Why Is Voting Important?

The right to vote is America's most important political right outside of the Bill of Rights, and it is also the most hard-won right. I read once that in the early years of our republic, only white landowners could vote. However, ever so slowly the franchise was broadened in the states to include white male laborers, and women gained full or partial rights in most states before winning the 19th Amendment to the Constitution in the twenties, which really resulted in women gaining full and equal voting rights. The most difficult voting rights struggle,Black Americans, who right to vote was recognized in the 15th Amendment of the Constitution, continued to face official and unofficial restrictions and suppression in the Southern states and cities until the Voting Rights Act of 1965 set up strong federal protections for the freedom to vote by prohibiting and or limiting many of the discriminatory election policies and practices of the Jim Grow South.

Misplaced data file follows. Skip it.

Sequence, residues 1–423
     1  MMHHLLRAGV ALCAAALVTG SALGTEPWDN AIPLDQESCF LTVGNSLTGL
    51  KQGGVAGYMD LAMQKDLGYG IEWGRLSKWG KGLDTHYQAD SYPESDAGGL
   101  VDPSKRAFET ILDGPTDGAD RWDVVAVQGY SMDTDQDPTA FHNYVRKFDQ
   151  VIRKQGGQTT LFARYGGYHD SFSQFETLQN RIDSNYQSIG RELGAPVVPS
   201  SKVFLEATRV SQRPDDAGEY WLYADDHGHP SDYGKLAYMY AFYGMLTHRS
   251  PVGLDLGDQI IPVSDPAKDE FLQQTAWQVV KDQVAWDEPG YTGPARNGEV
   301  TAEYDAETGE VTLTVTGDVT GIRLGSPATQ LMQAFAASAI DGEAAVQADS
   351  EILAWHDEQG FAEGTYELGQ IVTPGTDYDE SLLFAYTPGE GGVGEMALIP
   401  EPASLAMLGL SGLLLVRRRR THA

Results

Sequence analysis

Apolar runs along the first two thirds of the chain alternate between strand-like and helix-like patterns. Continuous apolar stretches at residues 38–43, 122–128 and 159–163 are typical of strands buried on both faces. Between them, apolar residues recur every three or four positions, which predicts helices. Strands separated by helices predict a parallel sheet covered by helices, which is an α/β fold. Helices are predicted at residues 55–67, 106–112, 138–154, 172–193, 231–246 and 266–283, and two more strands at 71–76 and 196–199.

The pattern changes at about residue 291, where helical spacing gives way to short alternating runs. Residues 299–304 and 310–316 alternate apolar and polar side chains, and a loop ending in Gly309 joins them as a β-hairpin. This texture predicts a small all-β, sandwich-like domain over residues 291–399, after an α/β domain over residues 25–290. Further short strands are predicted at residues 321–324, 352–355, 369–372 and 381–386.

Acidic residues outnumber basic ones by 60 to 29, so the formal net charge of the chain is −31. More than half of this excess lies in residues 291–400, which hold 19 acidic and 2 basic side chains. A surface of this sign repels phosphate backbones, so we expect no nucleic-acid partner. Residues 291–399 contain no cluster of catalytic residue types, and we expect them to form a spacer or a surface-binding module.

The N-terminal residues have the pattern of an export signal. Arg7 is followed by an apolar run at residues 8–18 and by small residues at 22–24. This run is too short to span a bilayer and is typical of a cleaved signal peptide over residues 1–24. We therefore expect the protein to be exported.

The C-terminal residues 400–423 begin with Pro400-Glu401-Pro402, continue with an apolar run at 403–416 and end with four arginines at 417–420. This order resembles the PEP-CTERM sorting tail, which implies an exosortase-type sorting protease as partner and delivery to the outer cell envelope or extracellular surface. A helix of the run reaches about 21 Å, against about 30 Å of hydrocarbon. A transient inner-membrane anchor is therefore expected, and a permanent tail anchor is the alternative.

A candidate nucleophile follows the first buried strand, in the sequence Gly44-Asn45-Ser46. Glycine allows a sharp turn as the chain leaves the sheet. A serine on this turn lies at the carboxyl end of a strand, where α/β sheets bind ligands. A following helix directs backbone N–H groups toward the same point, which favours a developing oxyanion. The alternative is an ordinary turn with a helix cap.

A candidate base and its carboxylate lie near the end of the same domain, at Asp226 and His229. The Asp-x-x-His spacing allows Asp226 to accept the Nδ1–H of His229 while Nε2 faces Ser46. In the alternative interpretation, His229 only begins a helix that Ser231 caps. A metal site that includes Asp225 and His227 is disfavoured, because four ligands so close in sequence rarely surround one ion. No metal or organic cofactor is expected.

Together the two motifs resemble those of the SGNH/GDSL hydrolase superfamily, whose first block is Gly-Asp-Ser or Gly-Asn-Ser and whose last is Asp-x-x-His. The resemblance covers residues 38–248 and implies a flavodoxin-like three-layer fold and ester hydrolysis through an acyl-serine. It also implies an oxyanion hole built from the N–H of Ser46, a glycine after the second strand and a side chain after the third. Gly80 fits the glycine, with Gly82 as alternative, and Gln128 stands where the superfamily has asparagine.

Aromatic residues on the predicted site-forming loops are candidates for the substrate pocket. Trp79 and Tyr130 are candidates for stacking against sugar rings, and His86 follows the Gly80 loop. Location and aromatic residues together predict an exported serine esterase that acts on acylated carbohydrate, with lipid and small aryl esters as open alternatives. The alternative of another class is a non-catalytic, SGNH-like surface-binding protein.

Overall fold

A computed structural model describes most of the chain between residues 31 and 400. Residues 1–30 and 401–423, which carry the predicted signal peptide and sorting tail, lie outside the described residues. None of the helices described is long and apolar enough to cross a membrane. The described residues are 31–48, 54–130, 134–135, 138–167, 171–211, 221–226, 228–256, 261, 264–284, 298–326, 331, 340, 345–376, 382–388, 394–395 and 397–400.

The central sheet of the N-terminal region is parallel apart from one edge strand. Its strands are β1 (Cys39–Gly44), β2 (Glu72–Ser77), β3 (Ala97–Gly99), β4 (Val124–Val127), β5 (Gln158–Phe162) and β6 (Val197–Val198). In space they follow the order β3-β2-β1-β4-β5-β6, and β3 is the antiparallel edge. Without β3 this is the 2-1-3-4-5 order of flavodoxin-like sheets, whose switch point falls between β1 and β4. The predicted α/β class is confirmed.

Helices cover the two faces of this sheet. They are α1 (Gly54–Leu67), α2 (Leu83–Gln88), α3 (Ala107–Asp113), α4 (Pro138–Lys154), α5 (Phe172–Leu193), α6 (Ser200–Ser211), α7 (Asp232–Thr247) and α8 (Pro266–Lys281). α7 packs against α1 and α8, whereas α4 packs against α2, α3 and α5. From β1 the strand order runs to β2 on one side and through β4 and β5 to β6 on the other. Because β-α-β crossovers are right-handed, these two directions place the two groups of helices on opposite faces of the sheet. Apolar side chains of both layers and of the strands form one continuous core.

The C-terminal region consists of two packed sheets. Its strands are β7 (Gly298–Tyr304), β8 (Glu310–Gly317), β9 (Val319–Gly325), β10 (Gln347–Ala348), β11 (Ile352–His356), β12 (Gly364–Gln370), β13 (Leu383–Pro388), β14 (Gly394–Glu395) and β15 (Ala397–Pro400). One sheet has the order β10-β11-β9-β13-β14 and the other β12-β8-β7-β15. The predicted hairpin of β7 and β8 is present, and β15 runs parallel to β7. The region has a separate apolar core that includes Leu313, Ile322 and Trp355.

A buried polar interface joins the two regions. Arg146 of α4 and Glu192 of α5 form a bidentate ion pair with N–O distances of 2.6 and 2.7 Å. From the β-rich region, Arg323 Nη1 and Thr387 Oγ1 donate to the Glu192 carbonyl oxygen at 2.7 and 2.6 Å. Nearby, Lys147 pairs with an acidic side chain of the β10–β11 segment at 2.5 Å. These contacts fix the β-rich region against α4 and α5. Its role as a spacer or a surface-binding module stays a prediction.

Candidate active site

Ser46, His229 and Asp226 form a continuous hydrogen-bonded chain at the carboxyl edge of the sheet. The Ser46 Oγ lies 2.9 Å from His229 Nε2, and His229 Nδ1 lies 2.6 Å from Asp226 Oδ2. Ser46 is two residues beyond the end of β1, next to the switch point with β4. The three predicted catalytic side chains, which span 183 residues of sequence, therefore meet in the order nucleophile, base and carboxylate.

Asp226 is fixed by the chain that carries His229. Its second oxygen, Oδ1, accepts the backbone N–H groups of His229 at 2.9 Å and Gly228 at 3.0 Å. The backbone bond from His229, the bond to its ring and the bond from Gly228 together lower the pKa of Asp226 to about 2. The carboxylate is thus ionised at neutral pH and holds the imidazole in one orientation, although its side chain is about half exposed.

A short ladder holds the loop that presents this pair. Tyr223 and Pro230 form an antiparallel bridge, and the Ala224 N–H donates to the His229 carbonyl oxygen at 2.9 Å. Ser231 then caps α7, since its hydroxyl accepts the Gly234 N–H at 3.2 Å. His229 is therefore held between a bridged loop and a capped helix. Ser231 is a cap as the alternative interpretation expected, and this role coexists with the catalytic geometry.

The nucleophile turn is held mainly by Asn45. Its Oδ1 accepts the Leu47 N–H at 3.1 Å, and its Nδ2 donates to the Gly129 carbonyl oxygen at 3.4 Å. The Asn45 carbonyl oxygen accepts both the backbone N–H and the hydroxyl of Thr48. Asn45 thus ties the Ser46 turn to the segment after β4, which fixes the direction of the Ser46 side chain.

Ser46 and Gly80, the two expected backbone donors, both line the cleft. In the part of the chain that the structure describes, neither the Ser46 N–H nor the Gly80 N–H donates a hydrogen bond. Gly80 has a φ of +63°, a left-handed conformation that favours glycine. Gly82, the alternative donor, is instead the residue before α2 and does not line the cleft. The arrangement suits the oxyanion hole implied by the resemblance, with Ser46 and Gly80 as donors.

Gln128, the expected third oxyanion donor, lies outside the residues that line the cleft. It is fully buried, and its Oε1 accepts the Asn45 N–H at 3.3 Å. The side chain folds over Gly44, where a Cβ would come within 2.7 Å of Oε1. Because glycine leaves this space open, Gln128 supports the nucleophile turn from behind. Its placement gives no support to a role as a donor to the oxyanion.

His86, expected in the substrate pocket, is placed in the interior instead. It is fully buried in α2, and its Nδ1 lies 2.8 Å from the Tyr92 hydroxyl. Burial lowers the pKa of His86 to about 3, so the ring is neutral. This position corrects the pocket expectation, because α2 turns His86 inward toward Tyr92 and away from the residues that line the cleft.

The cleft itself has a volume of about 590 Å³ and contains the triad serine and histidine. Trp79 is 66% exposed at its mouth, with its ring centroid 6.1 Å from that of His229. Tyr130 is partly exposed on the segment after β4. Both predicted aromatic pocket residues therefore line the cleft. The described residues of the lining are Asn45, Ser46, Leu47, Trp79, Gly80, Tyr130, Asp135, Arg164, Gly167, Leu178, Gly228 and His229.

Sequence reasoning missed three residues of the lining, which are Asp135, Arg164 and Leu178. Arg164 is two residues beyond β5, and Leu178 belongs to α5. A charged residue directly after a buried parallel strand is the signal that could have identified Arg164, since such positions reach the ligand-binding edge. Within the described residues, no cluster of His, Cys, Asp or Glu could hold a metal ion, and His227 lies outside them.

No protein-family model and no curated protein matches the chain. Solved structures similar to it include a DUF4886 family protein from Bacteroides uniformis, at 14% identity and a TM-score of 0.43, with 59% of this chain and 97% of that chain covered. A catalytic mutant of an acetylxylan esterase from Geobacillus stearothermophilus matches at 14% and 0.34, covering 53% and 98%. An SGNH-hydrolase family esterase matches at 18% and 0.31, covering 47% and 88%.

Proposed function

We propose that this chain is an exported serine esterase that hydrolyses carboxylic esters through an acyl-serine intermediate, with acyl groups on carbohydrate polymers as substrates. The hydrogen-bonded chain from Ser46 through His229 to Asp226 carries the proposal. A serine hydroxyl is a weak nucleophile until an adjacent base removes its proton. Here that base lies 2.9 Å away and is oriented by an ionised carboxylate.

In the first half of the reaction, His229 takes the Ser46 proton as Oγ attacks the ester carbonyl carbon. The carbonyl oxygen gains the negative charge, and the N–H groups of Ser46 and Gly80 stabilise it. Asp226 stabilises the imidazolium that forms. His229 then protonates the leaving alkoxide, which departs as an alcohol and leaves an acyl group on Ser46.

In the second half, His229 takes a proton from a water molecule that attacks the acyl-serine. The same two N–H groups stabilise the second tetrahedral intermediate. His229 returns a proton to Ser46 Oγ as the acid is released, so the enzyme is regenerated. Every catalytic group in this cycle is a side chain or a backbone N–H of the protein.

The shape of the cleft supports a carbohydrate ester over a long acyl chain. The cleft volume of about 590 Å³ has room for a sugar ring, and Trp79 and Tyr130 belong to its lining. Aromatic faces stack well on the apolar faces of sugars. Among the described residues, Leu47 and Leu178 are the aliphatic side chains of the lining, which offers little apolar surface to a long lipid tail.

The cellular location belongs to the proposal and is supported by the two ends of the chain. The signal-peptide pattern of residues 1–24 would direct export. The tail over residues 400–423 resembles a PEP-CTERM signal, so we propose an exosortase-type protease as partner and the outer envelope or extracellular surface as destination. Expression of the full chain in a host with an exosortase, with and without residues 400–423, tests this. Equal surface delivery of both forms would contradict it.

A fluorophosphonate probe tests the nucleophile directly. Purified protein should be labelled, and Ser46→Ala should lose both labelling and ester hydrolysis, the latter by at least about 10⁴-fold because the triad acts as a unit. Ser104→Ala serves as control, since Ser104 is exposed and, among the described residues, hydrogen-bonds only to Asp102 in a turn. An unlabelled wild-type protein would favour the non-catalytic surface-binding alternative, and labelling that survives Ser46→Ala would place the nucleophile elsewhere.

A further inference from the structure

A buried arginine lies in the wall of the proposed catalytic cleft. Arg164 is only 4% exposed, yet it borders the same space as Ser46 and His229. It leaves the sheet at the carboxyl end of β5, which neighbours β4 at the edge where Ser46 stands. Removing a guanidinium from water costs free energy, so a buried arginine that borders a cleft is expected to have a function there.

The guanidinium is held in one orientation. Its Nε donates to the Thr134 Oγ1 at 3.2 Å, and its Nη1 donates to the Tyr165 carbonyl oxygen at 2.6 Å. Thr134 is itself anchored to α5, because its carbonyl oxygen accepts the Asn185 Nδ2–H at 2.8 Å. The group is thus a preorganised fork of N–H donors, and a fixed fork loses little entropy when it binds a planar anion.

The Voting Rights Act along with subsequent legislation such as the National Voter Registration Act, which requires state agencies to provide opportunities for voter registration, has helped make significant progress in increasing voting by Black Americans and other historically marginalized groups. At the same time, the overall voting rate decreased to historic lows in this period, and, today, some Americans are still without voting rights while many more face new restrictions or unnecessary challenges in exercising their right to vote. There are millions of incarcerated persons, who are disproportionately people of color, cannot vote while serving their time, and even millions more who face limits on voting even when they are released. In some states eligible voters at times face restrictive policies such as strict registration deadlines, photo identification requirements, and racially-motivated redistricting.

Looking back at an ongoing practice of institutional racism in the election systems, this new generation of election policies and rules appear to single out certain groups and disproportionately affect people of color, people who are poor, and the young.

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